Rory, Phil or Spieth? Setting Odds for Who Will Win the Career Grand Slam First
USA TODAY Sports. Pictured (from left): PGA Tour golfers Rory McIlroy, Phil Mickelson and Jordan Spieth.
- There are three golfers with an opportunity to complete the career grand slam this year.
- Rory McIlroy could do it with a win at the Masters, Jordan Spieth could do it at the PGA Championship and Phil Mickelson's chance comes at the U.S. Open.
- But who has the best odds to pull it off next?
AUGUSTA, Ga. — Golf’s most exclusive club could grow larger this year. Noticeably larger.
No, I’m not referring to Augusta National. Even more exclusive, the list of men who have captured the career grand slam includes just five names: Gene Sarazen, Ben Hogan, Gary Player, Jack Nicklaus and Tiger Woods.
Another name could be added to that group this week.
And another next month.
And yet another the month after that.
If there has ever been a golden age for career slam attempts, we might be living in it right now.
With hardware from the other three major championships already in his trophy case, Rory McIlroy is seeking to add an elusive green jacket, one that he’s figuratively placed his arm into the sleeve of a few times previously. Jordan Spieth theoretically has the toughest three already crossed off his list, as he chases the PGA Championship title in May.
Then there’s Phil Mickelson, going after a U.S. Open in June, a heartbreaking, record-setting, half-dozen runner-up results to his name.
There are currently no betting options for the next player to capture the career slam, so I went after the next best thing: I asked Jeff Sherman, VP of risk management for SuperBookUSA, to handicap the possibilities with hypothetical odds for each option.
The following numbers are what he offered, with my pros and cons as to why each would be a good or bad wager.
Rory McIlroy 4-7 (-175)
Pros: This is the obvious choice. McIlroy played in the final pairing (again!) at Augusta last year. He keeps coming so close to winning that we all just assume he’ll claim a green jacket even by accident at some point.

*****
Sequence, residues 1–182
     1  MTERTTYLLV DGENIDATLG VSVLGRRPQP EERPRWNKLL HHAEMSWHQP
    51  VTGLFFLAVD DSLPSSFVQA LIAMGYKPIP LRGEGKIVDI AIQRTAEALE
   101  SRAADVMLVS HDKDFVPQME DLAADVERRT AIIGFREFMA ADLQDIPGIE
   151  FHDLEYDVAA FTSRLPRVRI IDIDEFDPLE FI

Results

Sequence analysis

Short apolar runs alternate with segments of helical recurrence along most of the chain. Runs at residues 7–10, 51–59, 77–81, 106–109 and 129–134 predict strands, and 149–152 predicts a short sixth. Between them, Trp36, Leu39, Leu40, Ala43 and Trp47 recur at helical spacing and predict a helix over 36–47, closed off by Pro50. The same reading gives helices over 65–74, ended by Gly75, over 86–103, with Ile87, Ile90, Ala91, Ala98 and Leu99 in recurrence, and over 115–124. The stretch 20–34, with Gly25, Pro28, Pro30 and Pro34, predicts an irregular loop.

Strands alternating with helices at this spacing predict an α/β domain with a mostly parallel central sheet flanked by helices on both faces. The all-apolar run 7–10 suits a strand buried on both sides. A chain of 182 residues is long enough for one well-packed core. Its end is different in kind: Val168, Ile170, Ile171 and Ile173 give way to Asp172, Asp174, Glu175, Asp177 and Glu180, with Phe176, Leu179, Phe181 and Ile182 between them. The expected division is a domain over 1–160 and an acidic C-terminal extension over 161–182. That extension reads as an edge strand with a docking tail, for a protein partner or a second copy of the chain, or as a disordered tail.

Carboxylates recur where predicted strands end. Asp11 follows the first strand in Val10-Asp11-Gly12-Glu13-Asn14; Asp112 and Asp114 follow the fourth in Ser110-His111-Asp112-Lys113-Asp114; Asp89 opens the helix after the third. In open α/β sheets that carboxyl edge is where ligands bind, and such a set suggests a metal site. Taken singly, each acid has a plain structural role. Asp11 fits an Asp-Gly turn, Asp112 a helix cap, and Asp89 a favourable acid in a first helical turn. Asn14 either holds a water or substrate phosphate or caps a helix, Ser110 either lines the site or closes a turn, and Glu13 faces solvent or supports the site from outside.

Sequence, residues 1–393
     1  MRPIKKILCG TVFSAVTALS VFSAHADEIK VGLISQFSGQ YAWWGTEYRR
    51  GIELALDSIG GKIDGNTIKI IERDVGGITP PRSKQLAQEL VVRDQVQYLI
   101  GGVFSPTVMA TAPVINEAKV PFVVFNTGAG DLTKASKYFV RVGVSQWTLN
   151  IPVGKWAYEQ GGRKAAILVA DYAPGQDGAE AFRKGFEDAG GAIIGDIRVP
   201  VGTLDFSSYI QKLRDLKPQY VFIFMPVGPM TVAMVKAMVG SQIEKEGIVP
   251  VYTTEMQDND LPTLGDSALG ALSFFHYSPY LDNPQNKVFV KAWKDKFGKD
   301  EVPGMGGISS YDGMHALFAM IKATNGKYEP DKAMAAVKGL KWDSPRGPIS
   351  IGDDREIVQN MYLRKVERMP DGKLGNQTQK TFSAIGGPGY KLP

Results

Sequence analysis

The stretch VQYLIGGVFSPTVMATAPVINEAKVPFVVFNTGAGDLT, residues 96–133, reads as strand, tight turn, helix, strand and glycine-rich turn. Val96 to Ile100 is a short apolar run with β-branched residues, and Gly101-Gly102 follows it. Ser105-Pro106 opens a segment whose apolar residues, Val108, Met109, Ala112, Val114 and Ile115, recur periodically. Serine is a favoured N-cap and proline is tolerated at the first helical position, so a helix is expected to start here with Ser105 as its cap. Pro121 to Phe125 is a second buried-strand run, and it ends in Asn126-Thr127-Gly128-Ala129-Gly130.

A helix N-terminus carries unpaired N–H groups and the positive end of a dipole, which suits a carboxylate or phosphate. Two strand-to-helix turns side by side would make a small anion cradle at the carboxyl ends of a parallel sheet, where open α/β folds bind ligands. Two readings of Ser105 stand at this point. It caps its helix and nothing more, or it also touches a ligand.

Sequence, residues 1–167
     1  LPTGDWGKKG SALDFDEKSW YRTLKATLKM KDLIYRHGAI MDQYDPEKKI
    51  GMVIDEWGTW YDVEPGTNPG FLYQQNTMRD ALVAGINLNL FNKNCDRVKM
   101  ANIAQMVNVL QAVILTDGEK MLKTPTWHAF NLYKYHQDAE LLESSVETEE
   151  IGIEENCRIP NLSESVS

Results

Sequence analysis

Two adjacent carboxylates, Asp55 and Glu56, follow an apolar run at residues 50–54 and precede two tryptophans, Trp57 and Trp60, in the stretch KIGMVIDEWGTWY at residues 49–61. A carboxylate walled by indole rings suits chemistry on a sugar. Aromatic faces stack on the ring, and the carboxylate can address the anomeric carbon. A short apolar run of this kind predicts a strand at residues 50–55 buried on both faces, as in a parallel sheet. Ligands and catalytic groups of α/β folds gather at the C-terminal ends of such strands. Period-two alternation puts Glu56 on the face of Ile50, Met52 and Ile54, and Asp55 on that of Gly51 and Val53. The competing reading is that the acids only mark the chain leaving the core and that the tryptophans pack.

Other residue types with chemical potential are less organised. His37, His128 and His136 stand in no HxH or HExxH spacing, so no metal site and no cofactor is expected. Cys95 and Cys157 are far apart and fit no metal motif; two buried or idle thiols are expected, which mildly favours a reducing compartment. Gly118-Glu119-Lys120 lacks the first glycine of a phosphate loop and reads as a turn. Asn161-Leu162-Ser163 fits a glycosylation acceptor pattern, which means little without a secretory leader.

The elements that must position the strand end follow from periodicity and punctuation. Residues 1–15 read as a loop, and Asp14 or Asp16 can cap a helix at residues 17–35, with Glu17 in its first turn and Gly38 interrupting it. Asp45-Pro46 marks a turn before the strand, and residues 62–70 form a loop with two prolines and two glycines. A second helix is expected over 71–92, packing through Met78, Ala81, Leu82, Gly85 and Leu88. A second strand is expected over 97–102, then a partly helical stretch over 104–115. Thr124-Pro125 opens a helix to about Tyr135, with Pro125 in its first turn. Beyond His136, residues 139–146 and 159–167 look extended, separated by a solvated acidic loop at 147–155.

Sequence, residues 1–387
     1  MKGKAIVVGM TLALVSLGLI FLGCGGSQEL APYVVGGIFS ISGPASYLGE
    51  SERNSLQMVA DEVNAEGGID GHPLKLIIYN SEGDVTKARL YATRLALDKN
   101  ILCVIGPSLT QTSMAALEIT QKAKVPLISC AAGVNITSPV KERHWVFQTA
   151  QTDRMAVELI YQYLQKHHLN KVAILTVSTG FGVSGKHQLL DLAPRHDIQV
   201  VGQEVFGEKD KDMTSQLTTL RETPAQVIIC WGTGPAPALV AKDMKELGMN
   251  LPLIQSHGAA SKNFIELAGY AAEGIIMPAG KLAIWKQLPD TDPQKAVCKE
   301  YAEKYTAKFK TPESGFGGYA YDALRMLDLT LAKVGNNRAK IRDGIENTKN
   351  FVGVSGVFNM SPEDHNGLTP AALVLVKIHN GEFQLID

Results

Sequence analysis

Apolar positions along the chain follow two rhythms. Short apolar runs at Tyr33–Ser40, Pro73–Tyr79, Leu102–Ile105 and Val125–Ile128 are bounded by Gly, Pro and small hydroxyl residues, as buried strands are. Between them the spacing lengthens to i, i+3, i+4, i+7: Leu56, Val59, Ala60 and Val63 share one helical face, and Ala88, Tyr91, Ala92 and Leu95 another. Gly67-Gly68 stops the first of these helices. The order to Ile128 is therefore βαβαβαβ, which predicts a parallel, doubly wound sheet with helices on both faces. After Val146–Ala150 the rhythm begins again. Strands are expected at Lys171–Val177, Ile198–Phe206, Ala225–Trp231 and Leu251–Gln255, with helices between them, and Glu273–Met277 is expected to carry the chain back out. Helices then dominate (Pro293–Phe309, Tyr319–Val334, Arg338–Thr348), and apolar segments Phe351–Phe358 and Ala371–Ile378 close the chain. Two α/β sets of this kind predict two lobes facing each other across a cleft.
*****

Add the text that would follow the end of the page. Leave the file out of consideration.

And he’s probably built up enough scar tissue that he’s no longer playing scared when he gets into contention.
Cons: There might be a little recency bias at play here — in a few different ways. McIlroy is playing much better than Spieth or Mickelson right now, but that’s very much a fluid position. And his event comes before theirs, so it’s easier to jump on his bandwagon now.
It feels inevitable that he’ll claim a Masters title someday, but remember: It once felt inevitable that Ernie Els would have one, too.
Jordan Spieth 7-2 (+350)
Pros: As mentioned above, Spieth has perhaps the easiest of the four majors left to win. It’s like finishing a puzzle when you only have a corner piece left.
It’s easy to get nervous about winning a Masters or U.S. Open, but tough to imagine any anxiety from a three-time major champion at the one they’ll now play in May.
Cons: Umm, have you seen him lately? Spieth looks like he’d be more comfortable in the C Flight of your member-guest than competing against the world’s best in a major.
There are whispers in the game that he’s currently lost — and +350 is a lot to pay to see if he finds it anytime soon.
Phil Mickelson 20-1 (+2000)
Pros: Even Lefty might want some action on +2000, which would be a sweet payday if it ever happens. Granted, that’s a big if, but remember: He’s already won at Pebble Beach once this year.
The course will play completely differently in June, but at least he can ride to the first tee on a wave of momentum.
Cons: He’ll turn 49 the week of this year’s U.S. Open. Nobody his age has ever won a major. While he can still bring the heat on any given week, his game has deteriorated a bit in recent years.
We’ve gotta wonder how many more times he’ll be able to be a factor at this event, as the 20-1 card could go up in smoke sooner rather than later.
The Field (all others) 15-4 (+375)
Pros: Let’s say Rory continues his final-round struggles at the Masters … and Jordan never quite finds his game … and Phil is no longer competitive in two years. There’s no expiration date on this ticket, so if these three never claim the career slam, you might have decades to sit back and wait to collect.
Cons: There really aren’t too many options right now. Maybe a guy like Brooks Koepka can take the Masters and need only the Open Championship to cash this bet, but that’s still asking a lot. McIlroy, Spieth and Mickelson need to just win one each; anyone else has to win at least two more.